I guess it’s the same thing that I get out of teaching, but to be honest, teaching is much more rewarding. Both require a lot of self-reflection and discipline, but in teaching, the results are right there and you can actually see the light bulbs go on in front of you. With filmmaking, it can be very painful and I can think that I’m addressing several questions that are important to me, but once the film is done, I’m sometimes left with even more questions and concerns than before. The greatest pleasure that I derive from making a film is having connected with people in the process. At the end of a film or at the end of a screening, I often feel like a fraud and like I didn’t complete what I set out to do. I start wondering what I even want to gain from all of it, and I’ll just watch other people’s films and wonder, “Who the hell do I think I am, making my own movies, or assuming that people even care?”. But the one constant pleasure is my relationships with my friends. The fact that I built friendships in the process and that they trusted me and that we completed something together. Then, inevitably, I’ll get excited about another project and I’ll bury myself in another opportunity to work with them.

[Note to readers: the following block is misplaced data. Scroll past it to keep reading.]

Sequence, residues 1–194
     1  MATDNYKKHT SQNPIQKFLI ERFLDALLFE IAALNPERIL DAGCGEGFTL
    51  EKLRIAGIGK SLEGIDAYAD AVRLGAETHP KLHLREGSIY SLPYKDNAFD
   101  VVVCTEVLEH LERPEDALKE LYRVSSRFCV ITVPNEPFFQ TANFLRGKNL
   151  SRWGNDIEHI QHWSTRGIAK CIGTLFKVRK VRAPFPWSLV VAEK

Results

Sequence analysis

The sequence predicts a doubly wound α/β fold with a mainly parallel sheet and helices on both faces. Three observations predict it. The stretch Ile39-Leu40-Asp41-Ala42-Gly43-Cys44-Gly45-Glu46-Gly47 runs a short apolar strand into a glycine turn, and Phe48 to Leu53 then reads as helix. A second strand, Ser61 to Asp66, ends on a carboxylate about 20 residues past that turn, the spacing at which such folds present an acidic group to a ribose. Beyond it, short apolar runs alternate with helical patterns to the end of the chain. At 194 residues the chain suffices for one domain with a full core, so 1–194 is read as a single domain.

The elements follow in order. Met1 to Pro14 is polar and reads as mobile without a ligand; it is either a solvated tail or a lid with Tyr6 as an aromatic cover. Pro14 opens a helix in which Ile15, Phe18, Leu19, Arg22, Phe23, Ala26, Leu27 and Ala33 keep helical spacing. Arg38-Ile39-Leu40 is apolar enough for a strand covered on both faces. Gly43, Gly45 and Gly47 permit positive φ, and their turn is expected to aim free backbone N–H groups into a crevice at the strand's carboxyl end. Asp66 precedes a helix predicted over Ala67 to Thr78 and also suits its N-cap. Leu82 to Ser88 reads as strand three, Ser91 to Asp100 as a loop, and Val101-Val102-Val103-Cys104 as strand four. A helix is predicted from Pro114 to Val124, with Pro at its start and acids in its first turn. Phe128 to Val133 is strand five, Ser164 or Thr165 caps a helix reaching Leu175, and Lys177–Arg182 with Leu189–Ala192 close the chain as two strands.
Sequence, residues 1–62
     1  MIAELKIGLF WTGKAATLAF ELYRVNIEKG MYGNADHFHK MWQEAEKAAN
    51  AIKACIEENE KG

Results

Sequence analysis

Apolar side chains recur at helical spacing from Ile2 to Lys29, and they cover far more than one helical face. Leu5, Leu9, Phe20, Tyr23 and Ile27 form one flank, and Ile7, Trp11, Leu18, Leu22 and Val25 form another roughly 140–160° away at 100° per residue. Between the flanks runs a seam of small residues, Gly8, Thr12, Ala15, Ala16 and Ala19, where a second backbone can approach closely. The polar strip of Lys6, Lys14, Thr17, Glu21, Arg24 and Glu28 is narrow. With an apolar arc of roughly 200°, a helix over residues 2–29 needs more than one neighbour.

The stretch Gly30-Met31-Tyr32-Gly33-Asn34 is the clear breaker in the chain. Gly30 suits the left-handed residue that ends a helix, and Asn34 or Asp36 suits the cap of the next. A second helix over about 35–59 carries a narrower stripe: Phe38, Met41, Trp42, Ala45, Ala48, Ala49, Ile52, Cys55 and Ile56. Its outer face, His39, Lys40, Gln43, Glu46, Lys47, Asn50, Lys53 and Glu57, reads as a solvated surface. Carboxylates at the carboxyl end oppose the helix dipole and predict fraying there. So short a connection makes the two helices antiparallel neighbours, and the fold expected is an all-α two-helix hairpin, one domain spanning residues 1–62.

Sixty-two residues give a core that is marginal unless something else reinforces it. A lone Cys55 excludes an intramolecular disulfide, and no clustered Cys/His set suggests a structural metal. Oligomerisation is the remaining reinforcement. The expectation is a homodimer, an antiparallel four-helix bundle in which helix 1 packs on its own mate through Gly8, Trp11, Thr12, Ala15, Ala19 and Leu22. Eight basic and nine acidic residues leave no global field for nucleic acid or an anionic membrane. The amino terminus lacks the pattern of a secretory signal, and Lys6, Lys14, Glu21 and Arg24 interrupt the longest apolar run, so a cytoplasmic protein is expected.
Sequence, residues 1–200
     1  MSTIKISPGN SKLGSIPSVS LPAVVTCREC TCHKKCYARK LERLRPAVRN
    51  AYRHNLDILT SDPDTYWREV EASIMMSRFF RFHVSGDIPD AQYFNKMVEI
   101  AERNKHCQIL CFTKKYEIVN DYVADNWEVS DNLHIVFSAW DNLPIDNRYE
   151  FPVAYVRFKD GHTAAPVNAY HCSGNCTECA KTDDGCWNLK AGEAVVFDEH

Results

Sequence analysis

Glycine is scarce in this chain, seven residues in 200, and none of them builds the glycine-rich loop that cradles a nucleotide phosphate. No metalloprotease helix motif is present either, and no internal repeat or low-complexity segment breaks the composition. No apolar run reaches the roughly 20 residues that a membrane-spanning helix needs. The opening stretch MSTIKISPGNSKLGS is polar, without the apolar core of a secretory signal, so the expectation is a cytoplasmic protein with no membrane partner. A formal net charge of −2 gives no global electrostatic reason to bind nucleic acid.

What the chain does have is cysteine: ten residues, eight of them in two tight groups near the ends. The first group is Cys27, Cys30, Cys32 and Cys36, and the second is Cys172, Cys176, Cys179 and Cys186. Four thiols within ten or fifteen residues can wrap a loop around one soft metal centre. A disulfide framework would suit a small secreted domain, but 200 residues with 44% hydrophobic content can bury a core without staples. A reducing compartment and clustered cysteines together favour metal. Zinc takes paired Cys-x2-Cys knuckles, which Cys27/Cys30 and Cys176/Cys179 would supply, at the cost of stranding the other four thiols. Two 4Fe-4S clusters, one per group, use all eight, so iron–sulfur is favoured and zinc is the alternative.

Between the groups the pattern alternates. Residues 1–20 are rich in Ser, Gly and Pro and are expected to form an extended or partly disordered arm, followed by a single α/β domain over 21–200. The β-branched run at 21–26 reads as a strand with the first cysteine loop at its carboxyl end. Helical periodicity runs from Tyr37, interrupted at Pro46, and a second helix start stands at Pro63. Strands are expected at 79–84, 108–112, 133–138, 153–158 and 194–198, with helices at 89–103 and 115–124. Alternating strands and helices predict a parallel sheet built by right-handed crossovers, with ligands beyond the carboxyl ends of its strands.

Haley_Project_STILL_137.  In your words, what is Haley, your latest film about?